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Glaucoma is an eye disorder that causes damage to the optic nerve.  Eye pressure is a major indicator of glaucoma, present in most forms of the disease, though it is not always present when glaucoma develops.

Abnormally high pressure is referred to as ocular hypertension.  If this condition goes without treatment, glaucoma will first cause peripheral vision loss and eventually lead to blindness.  Glaucoma is the second leading cause of blindness in the United States.

Types of Glaucoma

The most common form of glaucoma is open-angle glaucoma (OAG).  The term “angle” in its name is referring to the drainage angle inside the eye that controls the outflow of the fluids (aqueous) that the eye produces.  Glaucoma is “open-angle” when the aqueous is able to reach the drainage angle.  

There are various forms of open angle glaucoma: Primary open-angle glaucoma, acute angle-closure glaucoma, normal-tension glaucoma, pigmentary glaucoma, secondary glaucoma and congenital glaucoma.  

Primary open-angle glaucoma (POAG) is the most common form of glaucoma.  It will reduce your peripheral vision without any other symptoms.  This is extremely unfortunate because once you have realized there is an issue the damage is already done (and vision cannot be restored).  Late diagnosis of open-angle glaucoma are often the direct result of the patient experiencing tunnel vision (peripheral vision loss) and realising something is wrong.

Acute angle-closure glaucoma is also referred to as narrow-angle glaucoma.  This is when the drainage angle is blocked and the aqueous cannot reach it.  This form of glaucoma has symptoms that develop suddenly, including:

  • Eye pain
  • Headaches
  • Halos of light
  • Dilated pupils
  • Vision loss
  • Red eyes
  • Nausea and vomiting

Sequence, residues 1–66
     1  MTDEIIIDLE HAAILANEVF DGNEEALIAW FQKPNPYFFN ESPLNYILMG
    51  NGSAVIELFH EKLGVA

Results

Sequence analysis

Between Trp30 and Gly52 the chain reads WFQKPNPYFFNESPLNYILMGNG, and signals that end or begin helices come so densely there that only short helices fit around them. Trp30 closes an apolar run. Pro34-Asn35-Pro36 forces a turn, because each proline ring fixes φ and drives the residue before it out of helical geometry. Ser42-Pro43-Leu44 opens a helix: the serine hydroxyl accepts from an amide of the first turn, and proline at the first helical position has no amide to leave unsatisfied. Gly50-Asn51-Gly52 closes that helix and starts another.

If these symptoms do occur then medical attention is required immediately.  This attack can last a few hours and keep coming back.  Every time this occurs it can cause more vision loss each time.

Normal-Tension glaucoma is very much like primary open-angle glaucoma.  The difference is that a person’s IOP (intraocular pressure) remains within normal range.  The cause for this form is still unknown, but doctors believe it could be from poor blood flow to the optic nerve.

Pigmentary glaucoma is a rare form of glaucoma that is caused by clogging of the drainage angle by pigment that has broken off from the iris of the eye.  Symptoms usually go unnoticed, although there could be some pain and blurred vision.

Secondary glaucoma is glaucoma that occurs after injuring the eye.  This can occur from an eye infection, inflammation, a tumor or can be a side effect from a cataract.

Congenital glaucoma is the inherited form of glaucoma.  It is present at birth.  Children are born with narrow angles or a different defect in the drainage angle.  This type of glaucoma is generally diagnosed during the child’s eye exam, as young children with congentical glaucoma cannot articulate what they are experiencing.

How Glaucoma is Diagnosed

During routine eye exams the Optometrist will conduct a test that will measure the IOP of each eye.  This test uses a tonometer to test the IOP.  If the test comes back with an abnormally high IOP reading in the eye, our Optometrist will then outline a management program.

Glaucoma, while a serious vision-threatening disease, is successfully managed in most cases. Strict adherence to the treatment regimen is required in order to ensure vision is not lost.

Learn more about glaucoma management here.

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